Sheedy Interns Develop New App to Bring Meaning to the Workplace

Author: Scott Howland

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When Caitlin Jette walked into the first meeting for her summer internship last April, she “knew nothing about The Working Life or its mission,” she said. But she had friends who had taken courses with Professors Paul Blaschko, Megan Levis, and Walter Scheirer, who were coordinating the internship program, and she was eager to gain entrepreneurial experience.

“I always wanted to work on a startup before I left school or shortly after,” she said.  The Working Life app felt like the perfect opportunity.

The app is for anyone looking to "heal their relationship with the modern workplace," the group's mission states. It is for people seeking something new – something more substantive than the kind of inspirational quotes they might find on Instagram or even the water cooler talk they might enjoy with their coworkers. 

“I thought it was an idea that could really resonate with college students and beyond,” Jette said.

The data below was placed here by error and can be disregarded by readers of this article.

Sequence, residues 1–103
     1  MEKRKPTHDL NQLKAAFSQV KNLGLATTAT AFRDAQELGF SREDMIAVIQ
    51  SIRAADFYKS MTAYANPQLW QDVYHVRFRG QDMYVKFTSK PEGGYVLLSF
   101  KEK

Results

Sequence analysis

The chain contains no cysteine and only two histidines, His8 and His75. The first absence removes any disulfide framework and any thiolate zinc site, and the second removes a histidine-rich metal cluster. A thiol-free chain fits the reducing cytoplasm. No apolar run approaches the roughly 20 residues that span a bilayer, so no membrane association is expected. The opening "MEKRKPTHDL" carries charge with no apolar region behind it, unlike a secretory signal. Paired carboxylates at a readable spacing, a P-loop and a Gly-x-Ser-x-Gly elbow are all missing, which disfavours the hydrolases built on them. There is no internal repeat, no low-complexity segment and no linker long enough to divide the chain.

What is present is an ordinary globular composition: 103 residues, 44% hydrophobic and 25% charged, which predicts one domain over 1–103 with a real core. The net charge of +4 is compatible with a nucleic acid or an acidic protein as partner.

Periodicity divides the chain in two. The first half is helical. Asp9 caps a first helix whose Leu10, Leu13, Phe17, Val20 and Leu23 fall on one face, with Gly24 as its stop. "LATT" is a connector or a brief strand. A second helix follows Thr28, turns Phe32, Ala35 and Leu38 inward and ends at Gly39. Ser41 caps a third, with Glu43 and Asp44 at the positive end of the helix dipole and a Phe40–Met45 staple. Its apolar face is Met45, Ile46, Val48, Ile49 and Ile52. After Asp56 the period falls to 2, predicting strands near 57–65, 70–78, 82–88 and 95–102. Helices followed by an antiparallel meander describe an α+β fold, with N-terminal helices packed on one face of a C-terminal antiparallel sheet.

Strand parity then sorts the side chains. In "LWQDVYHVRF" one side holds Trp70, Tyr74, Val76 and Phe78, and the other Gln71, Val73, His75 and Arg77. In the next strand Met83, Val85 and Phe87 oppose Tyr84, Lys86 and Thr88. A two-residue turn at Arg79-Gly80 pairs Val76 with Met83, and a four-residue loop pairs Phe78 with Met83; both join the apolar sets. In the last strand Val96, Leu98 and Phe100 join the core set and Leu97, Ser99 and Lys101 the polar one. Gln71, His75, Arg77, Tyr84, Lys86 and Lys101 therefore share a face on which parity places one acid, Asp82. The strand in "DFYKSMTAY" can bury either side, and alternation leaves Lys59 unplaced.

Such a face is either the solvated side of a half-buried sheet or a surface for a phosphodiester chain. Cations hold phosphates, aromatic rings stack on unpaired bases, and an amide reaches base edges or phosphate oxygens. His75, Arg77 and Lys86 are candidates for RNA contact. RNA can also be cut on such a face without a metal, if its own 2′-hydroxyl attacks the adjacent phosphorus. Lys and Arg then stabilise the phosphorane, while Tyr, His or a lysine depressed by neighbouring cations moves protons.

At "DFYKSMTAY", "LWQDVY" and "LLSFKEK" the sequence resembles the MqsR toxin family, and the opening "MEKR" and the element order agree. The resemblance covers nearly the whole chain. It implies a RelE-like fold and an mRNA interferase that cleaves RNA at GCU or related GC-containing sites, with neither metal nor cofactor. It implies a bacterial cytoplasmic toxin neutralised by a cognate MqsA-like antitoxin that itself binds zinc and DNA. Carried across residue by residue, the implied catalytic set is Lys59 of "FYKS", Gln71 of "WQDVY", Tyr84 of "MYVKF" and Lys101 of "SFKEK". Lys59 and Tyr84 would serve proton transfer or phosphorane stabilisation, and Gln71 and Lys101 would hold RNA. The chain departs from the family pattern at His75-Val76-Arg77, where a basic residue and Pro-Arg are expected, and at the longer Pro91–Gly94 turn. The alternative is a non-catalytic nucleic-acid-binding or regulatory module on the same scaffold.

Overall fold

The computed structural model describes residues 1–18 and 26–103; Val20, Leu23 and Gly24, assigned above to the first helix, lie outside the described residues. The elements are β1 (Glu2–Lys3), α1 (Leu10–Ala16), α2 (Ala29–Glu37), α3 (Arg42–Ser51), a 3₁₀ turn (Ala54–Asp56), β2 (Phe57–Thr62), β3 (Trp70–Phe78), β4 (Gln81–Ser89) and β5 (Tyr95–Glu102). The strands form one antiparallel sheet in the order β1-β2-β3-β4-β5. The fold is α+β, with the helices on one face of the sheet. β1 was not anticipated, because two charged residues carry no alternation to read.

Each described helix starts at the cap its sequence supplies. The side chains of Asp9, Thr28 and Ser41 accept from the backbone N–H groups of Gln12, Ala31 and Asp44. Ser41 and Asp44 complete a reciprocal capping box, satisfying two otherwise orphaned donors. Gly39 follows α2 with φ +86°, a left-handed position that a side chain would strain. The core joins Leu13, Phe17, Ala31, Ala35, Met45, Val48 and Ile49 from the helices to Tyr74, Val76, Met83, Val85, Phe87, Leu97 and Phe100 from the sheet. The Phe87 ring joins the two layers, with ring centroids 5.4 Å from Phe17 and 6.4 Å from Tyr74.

Jette was one of four students from the Sheedy Family Program to intern with the Working Life for eight weeks over the summer.  The students worked with industry professionals to build the app’s dashboard, develop news and video content, and gather market research that will vitally shape the app’s design. Parker Geary, Ian Oh, and Iverson Sun also spent their summer working on the app’s development.

The interns were challenged to learn new skills that would make them more marketable for future job or internship opportunities. Jette, for example,  learned to use Adobe Suite to develop the Working Life logo and branding. She was also introduced to the programming language Bubble, which helped her build the Working Life website. 

“I feel hugely fortunate to be able to walk away from this summer possessing these new skills,” she said.

The app is part of a start-up that is in the early stages of incorporation. It will soon launch to prospective test users, Iverson Sun said – an important stage for a project of this kind. 

“Not only will this be a test of The Working Life’s systems, but will also gauge the quality of work that we interns have done as well as the feasibility of this project in the long run.”

The Sheedy interns worked with the leaders of the Ethics at Work project, Paul Blaschko, Megan Levis, and Walter Scheirer, as well as Ryan Kreager of the IDEA Center and Sam Sorich of “Glass Darkly Films.” 

“So often we just assume students know how to work on a team,” Blaschko said.  “But that’s a skill that needs to be learned and practiced. The student interns rose to the occasion and exceeded all our expectations.”